Notes from the Farm
June is a busy month at Sage Hill Farms, some planting yet to be done, staking, waging war against whichever pest decides to vacation with us. We don't have a lot of pest, but here and there a few minor un-welcome guest. At the moment, something is dining on my spinach... sneaky dining too, I really don't like it when they won't show themselves.
So, tonight they have a very distasteful dinner waiting for them. I sprayed all the spinach with a mixture of one part vinegar and two parts water. Would you like that for dinner?
Don't forget to mulch your garden plants, even your herbs can benefit from some mulching. When the weather is very hot and dry, moisture is very hard to maintain, mulching helps to hold it for longer periods of time. Remember to keep the mulch about 2 inches away from the base of any plant.
We mulch our vegetable plants with dried grass from the lawn and field... it's light and allows the soil to breathe while holding the moisture also.
In the herb beds, you have to be a little picky, first of all herbs do not require nearly as much water as other plants. No matter how tempting, do not water herbs every day... they will become water logged at the roots and you will have root-rot early on.
Twice a week is plenty for herbs and less if you are having rain during the week. Basil and thyme are the most prone to root-rot, so be very cautious with those. You can mound a layer of garden sand around the thyme and that will keep the water from soaking into the roots too rapidly.
Herbs also do not need fertilizing , if you feel you must use something, make it 'Fish Emulsion'... It's safe, non-toxic, and natural, a healthy food source for herbs and not something that will make them grow too fast too soon.
Remember also, in order for your herbs to grow and spread properly, they must be pinched or cut as soon as they start to grow, keep about one to two inches pinched off on a regular basis, sometimes daily, depending on the herb. If they are not kept pinched they will grow tall and spindle and will soon bolt (go to flower) once that happens they think it is time to stop growing and will go to seed.. We eat lots of salads this time of year, so I just snip the tops of all the herbs and toss them into a salad mix. Yummy!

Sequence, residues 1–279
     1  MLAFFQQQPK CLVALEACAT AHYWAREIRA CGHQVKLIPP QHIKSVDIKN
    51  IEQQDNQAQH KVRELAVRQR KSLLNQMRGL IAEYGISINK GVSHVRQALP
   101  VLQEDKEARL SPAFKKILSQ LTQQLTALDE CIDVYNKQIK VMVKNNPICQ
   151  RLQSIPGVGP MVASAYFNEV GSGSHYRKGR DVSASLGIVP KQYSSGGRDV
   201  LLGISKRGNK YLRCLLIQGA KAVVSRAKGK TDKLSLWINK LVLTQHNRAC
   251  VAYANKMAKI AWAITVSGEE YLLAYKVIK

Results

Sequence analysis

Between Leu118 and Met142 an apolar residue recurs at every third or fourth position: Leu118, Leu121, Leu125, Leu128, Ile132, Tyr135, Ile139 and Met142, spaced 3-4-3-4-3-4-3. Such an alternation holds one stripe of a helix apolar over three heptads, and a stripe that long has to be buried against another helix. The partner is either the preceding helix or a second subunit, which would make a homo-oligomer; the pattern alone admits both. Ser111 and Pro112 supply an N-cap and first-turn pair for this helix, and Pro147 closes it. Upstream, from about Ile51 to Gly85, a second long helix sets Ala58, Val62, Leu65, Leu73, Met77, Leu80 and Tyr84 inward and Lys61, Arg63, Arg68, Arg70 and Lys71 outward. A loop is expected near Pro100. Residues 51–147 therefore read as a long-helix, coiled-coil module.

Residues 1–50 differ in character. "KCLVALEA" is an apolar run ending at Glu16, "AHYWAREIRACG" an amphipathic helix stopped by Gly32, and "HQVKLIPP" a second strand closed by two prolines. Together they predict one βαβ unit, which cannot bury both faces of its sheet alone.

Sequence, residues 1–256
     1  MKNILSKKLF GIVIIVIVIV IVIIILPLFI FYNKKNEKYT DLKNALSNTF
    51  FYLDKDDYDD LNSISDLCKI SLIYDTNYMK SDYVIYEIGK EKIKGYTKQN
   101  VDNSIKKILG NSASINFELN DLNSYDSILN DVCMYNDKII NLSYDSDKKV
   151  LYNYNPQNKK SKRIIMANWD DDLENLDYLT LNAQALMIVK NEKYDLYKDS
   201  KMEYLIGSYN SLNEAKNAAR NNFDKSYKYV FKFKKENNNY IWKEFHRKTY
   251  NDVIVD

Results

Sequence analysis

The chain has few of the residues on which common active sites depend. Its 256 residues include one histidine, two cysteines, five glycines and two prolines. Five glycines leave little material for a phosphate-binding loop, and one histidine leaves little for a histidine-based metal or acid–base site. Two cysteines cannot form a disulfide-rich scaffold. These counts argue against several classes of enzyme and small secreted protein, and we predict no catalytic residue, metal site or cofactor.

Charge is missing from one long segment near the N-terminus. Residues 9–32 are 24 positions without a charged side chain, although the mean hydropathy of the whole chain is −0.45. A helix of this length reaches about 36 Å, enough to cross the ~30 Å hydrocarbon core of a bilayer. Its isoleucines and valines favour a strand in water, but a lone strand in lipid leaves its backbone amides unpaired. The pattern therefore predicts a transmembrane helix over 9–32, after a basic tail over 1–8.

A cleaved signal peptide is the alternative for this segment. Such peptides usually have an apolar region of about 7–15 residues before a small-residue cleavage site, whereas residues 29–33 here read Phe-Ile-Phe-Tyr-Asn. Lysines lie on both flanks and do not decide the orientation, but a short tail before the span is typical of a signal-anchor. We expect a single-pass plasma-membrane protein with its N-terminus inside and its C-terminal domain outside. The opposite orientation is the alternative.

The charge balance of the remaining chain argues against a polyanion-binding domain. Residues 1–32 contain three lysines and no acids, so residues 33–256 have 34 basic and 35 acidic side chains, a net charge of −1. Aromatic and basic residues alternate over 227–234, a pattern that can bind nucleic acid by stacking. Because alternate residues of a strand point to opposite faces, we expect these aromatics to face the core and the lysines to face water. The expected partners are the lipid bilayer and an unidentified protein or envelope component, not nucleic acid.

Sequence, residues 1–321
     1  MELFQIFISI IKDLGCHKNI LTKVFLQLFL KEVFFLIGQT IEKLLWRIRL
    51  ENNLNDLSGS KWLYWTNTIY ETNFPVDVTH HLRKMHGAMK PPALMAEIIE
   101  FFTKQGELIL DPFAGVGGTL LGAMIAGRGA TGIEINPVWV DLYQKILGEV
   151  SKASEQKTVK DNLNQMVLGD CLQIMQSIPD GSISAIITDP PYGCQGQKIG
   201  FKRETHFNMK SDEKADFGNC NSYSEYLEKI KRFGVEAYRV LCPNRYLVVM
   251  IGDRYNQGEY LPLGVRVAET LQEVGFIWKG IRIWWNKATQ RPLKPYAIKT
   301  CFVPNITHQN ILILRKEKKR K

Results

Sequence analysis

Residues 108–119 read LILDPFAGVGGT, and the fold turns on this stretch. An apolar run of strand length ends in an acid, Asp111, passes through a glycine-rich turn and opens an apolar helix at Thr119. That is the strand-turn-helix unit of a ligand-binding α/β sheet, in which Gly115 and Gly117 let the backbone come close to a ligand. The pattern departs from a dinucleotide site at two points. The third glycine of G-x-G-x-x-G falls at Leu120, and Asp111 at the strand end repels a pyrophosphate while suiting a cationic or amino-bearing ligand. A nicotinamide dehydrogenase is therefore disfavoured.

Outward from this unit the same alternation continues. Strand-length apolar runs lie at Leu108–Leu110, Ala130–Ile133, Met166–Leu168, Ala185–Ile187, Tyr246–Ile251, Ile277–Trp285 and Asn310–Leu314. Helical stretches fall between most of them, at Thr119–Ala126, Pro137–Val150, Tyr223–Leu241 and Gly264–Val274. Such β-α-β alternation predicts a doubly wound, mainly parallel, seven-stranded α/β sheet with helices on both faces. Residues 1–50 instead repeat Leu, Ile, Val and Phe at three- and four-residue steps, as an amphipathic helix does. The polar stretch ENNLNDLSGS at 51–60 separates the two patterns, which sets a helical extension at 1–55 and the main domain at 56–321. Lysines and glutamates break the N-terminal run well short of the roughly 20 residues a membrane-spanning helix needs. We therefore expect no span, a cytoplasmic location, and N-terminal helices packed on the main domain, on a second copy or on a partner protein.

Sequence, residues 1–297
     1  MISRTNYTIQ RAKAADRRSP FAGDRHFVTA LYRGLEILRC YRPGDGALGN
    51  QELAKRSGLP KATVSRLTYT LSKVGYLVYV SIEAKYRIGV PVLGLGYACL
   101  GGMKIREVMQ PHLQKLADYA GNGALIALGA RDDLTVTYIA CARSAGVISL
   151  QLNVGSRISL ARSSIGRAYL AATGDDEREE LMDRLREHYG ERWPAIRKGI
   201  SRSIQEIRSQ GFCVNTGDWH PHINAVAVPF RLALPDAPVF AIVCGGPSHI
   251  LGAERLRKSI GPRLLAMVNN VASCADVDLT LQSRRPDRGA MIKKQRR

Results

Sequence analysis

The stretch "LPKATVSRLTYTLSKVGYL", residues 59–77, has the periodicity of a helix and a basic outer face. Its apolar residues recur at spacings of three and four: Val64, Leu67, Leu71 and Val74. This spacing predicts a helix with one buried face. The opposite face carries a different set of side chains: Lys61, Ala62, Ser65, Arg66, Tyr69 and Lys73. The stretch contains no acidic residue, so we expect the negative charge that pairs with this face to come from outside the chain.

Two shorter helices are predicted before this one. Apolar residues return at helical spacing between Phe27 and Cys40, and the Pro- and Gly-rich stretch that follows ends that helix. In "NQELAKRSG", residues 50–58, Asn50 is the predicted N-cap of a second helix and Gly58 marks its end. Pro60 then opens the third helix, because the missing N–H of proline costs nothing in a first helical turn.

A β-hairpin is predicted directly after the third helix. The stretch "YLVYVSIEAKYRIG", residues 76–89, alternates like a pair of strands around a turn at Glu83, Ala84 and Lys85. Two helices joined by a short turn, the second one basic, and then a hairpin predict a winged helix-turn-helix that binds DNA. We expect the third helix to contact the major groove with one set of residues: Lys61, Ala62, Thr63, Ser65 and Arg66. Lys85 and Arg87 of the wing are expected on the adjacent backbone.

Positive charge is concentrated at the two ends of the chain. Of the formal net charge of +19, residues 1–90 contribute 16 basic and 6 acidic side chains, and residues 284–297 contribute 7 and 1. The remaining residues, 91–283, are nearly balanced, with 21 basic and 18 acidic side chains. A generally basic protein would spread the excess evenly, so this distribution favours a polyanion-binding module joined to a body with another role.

Don't forget to try basil leaves along with your other greens for salad and on sandwiches instead of lettuce. You will thank me! I know I tell you this every year, but it's too good not to remember.
Please consider buying from local growers this summer if at all possible, and if you don't have that option, there are marvelous places on the internet to purchase good, safe , organic foods. Just do a search for farms near you to start and go from there. One great place to do this is through"Local Harvest.
If you are interested in joining up with other garden activist all around the world, you may wish to join me at Kitchen Gardeners.
Just in case you don't know, our website is finished and a special thanks to my VA for all the work and loving care she put into it. If you would like her name and info., just send me an email.
As always, we are available for any questions you may have. We also love hearing your tips and any herb knowledge you wish to share with us.
Just go to the link below and you will find us there.
Have a safe and fun summer... it is upon us!
Don't forget to visit the blog for more herbal information and some super summer recipes!
Have you been to our website lately?
Sage Hill Farms website - please feel free to leave a comment, ask a question, start a conversation, what ever your needs are, we are always happy to help out.
Thank you all for choosing to go into 2007 with Sage Hill Farms.. .we will strive to be a good friend.
Bea and Mike Kunz
Sage Hill Happenings
In this edition:
Notes from the Farm